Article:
We, then, should understand what orthodoxy teaches us concerning our praxis. We should be interested in the well-being of others. We not only have Moses serve as an example, we have a great number of saints with him, and of course, we have our prime example, Jesus himself. For Jesus kenotically emptied himself of his divine glory to take on human nature and become one of us; he denied himself so that the world and all that is within it could be lifted up out of the net of sin. He made sure those who were adversely affected by sin could be healed and make greater.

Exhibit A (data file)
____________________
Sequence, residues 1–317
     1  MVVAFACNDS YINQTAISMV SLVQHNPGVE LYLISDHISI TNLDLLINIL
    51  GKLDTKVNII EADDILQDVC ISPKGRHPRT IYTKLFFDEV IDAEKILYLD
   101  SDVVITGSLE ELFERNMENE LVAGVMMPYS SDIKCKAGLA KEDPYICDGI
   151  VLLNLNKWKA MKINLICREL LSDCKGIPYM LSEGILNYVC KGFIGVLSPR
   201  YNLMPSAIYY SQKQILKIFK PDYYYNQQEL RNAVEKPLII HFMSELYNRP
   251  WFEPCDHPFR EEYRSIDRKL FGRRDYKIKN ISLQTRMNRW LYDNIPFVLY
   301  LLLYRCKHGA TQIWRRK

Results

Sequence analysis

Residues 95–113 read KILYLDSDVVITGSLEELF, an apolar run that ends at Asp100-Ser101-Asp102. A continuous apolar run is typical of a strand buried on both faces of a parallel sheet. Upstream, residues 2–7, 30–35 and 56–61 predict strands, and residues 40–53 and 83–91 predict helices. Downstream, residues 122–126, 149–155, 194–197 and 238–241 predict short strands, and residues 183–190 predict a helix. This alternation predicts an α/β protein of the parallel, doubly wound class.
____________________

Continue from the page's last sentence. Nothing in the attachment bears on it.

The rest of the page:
This, then, is what is expected of us. We are to “pick up our cross” and follow Christ. We are to give of our ourselves as Moses gave of himself. We are to do so, however, in union with Christ, working with him and his own mission, that is, bringing salvation to the world, salvation which is not meant to be merely spiritual and have no real-world effects, but salvation which comes into the world and frees people from all the structures of sin which keep people down. “Therefore, since we are surrounded by so great a cloud of witnesses, let us also lay aside every weight, and sin which clings so closely, and let us run with perseverance the race that is set before us, looking to Jesus the pioneer and perfecter of our faith, who for the joy that was set before him endured the cross, despising the shame, and is seated at the right hand of the throne of God” (Heb. 12:1-2 RSV). Jesus denied himself so he could put himself in solidarity with all those who suffered under the “mystical Pharoah. ,” He did this so that he could take a hold of them in his love and lift them up with him when he was raised from the dead and ascended to the right hand of the Father. We are to do similar. We should give of ourselves, in full faith, in full love, to others,  joining in solidarity with them, but especially with the outcasts, the abused, those who are poor and in need of help, helping them as we can, so that after all the shame we endure for their sake, we find we have also done it for the sake of God who not only will honor them, but will honor us with them.